There is a connection between insomnia and menopause. Know the causes and tips to deal with insomnia during menopause.
Menopause is a natural part of the ageing process. It marks the end of a woman’s reproductive years. It is a result of declining reproductive hormones or due to a surgery, chemotherapy or radiation. During this phase, many women complain about insomnia. We tell you the causes of insomnia during menopause and how to reduce its impact.
What is menopause?
Menopause is a phase in a woman’s life when the menstrual cycles stop and end her ability to reproduce. It can occur due to different reasons, including ageing. Here are three stages of menopause:
The time leading up to menopause is called perimenopause. This can begin nine to ten years before menopause. This is when women may start noticing changes in their menstrual cycles and associated symptoms. These symptoms are largely because of a gradual drop in estrogen levels. But women still go through menstrual cycles.
In this phase, the ovaries completely stop working and women no longer have periods. They are diagnosed with menopause if they have no periods for 12 consecutive months.
This is the stage after menopause. However, some women continue to get menopausal symptoms after the menopause transition.
Most common menopausal symptoms are:
• Hot flashes
• Night sweats
• Cold or hot flashes
• Difficulty sleeping (insomnia)
• Emotional changes (irritability, mood swings)
• Vaginal dryness
• Urinary urgency or incontinence
• Worsening of premenstrual symptoms, irregular or heavier or lighter periods than usual.
Select Topics of your interest and let us customize your feed.
“Every woman’s period is different, and so is menopause. So, not everyone will experience the same symptoms in menopause,” says gynaecologist and obstetrician Dr Sonamm Tiwari.
Why do women have sleeping difficulty during menopause?
Many patients complain of insomnia as a major symptom during the menopause phase. “Insomnia is a disorder that prevents you from having good quality and adequate sleep, now this could be a reason for either difficulty to fall asleep or to stay asleep. Major factors contributing to this are hot flashes, mood disturbances, urinary urgency, headaches, or even tender breasts, shares Dr Tiwari.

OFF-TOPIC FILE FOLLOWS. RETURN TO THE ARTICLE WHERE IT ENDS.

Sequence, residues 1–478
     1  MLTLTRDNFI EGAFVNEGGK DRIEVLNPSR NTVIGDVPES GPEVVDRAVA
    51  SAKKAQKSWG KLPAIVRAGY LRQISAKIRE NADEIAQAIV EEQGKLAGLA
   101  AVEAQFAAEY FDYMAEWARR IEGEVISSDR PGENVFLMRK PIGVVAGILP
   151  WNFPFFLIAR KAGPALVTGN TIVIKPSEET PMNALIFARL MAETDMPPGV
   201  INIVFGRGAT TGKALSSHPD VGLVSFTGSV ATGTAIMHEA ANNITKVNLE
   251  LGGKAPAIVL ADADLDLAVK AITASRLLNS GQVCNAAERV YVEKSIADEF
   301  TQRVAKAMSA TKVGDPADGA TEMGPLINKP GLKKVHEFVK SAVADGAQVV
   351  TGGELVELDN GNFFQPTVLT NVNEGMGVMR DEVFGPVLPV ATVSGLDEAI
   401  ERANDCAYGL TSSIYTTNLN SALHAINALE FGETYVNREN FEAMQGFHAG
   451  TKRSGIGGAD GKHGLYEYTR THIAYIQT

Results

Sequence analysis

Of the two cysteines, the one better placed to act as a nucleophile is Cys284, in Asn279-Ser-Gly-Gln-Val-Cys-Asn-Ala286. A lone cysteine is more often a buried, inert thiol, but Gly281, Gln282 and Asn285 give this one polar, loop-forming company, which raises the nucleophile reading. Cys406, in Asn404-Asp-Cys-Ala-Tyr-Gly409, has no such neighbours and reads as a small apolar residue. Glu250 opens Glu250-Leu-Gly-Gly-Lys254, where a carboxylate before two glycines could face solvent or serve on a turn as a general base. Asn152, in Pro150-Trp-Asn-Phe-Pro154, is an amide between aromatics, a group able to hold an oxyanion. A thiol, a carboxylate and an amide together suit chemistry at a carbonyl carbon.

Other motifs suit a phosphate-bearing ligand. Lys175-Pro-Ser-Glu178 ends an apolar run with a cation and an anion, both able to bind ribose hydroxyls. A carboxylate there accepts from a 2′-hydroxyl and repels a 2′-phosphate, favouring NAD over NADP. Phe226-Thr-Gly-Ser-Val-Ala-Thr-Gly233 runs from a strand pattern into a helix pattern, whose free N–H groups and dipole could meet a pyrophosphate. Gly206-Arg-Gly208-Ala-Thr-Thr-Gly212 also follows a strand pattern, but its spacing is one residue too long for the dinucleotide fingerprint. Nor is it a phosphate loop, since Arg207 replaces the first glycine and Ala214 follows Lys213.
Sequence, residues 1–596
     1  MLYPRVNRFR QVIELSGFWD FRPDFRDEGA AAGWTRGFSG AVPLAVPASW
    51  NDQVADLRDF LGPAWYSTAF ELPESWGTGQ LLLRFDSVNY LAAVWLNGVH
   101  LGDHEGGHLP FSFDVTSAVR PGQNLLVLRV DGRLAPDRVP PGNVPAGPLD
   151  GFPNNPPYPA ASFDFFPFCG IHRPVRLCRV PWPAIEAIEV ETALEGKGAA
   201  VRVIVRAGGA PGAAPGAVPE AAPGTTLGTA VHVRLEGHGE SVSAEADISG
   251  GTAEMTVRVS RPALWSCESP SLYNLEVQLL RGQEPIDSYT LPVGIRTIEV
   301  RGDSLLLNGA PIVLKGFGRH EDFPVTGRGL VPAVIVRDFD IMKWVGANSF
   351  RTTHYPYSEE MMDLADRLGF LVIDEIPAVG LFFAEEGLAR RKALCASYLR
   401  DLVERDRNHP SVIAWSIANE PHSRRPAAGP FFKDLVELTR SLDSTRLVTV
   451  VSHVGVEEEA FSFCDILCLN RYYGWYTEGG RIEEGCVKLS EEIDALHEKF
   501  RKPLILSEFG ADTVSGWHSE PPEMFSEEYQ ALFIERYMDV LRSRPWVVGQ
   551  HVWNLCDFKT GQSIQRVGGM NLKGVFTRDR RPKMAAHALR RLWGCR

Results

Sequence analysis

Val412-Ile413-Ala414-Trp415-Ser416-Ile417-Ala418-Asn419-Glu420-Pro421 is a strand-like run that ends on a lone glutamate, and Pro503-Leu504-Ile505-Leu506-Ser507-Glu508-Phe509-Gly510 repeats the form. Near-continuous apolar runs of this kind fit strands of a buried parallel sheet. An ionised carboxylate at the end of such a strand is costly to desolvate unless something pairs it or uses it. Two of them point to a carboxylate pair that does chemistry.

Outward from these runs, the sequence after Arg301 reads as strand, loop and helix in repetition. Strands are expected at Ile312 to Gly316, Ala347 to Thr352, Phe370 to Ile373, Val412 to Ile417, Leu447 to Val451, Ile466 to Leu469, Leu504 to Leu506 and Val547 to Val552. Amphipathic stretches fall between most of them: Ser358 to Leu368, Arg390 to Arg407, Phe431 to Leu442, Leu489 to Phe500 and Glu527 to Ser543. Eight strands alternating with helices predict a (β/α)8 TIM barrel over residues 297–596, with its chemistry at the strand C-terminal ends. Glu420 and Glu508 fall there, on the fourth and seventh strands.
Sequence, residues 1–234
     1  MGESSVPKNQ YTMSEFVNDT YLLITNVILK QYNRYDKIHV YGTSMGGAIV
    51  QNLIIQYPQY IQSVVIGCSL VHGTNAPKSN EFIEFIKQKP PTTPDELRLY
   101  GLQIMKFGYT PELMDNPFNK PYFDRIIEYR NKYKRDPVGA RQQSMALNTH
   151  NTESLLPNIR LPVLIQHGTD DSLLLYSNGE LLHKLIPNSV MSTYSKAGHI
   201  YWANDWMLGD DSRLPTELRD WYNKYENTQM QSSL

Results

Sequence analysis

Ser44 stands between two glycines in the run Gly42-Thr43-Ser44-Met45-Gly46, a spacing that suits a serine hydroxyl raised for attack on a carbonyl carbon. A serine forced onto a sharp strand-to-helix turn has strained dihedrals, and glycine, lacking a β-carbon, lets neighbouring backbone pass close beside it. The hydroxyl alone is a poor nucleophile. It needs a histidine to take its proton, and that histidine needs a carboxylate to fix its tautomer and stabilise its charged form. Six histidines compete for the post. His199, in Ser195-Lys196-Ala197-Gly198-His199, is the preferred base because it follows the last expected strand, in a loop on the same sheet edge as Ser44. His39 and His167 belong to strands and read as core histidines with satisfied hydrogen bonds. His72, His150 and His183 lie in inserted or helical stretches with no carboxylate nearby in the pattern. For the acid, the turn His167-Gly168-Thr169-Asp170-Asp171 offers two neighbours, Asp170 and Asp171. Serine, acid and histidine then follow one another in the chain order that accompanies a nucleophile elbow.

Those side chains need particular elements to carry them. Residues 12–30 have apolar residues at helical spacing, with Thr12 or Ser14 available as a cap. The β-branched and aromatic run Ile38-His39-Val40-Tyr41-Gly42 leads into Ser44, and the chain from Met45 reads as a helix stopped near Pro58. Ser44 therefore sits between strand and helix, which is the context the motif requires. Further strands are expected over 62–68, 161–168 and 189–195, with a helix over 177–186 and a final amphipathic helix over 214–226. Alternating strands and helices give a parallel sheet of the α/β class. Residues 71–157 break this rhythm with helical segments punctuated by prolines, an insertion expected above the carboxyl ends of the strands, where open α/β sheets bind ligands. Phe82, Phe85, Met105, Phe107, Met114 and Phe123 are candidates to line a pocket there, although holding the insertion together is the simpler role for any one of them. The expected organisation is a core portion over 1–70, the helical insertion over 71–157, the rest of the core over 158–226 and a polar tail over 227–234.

Difficulty in holding urine and frequent night visits to the bathroom drain a lot of energy and add to the frustration, thereby disturbing the sleep cycle.
What should women eat before bedtime during menopause to sleep well?
“Dairy is proven to improve sleep,” says clinical dietician Reena Poptani. Foods high in the amino acid glycine and tryptophan found in milk and cheese may promote deeper sleep in menopausal women. “Dairy consumption is also linked to a decreased risk of premature menopause, which occurs before the age of 45,” she says.
What diet tips should women follow during menopause?
A balanced diet is good at every age and stage of life. But a diet rich in magnesium may have health benefits for any woman going through menopause. Magnesium is a mineral found in green leafy vegetables, bananas, nuts, seeds, beans and whole grains. It may help to improve sleep quality. Here are some more diet tips:
• Phytoestrogens are compounds in foods that act as weak estrogens in the body and provide benefits. Foods that naturally contain phytoestrogens include soybeans, broccoli, chickpeas, peanuts, flax seeds, barley, grapes, berries, plums, and green tea.
• Flaxseed contains lignans which are powerful antioxidants. They can increase levels of circulating estrogens.
• Garlic is rich in a component called allicin that reduces inflammation and is a great source of phytoestrogens.
• Soy contains isoflavones, which act like estrogen in the body and can potentially decrease the risk of breast cancer.
The decline in estrogen levels during menopause also increases women’s risk of fractures. Dairy products, such as milk, yogurt, and cheese, contain calcium, phosphorus, magnesium, and vitamin D, essential for bone health. The inclusion of adequate protein in diet, legumes, dairy, and animal protein leads to higher bone density in menopausal women.
Incorporating these superfoods into a daily diet can naturally replenish the estrogen lost during menopause and help to reduce menopausal symptoms like hot flashes or mood swings.
How can women sleep better during menopause?
There are different kinds of treatment approaches for insomnia. “The primary approach is cognitive behavioural therapy which helps us recognise the trigger patterns for poor sleep,” says Dr Tiwari. These could be certain behaviours, habits, thoughts or even surroundings.
The majority of menopausal symptoms come from a lack of estrogen and progesterone hormones, so there is another approach to treat menopausal problems. That is hormone replacement therapy (HRT). This supplies minimal hormones to the body as the natural hormonal level declines. HRT is available as oral tablets, local patches or even topical gels and creams.
Some women may also need mood stabilisers, muscle relaxants, antidepressants, melatonin or certain sedatives which can be best prescribed after evaluating you physically and maybe after some blood tests.
Natural remedies such as breathing exercises, an off-screen time before bed, listening to calming music, maintaining a low temperature in the room, and eating healthy and early dinner can also be very helpful.
Menopausal insomnia can reduce or even go away with the right treatment approach which may include both mental and physical exercise and may or may not require medications. Many women may experience bouts of insomnia from time to time. This may last from days to months if not treated properly.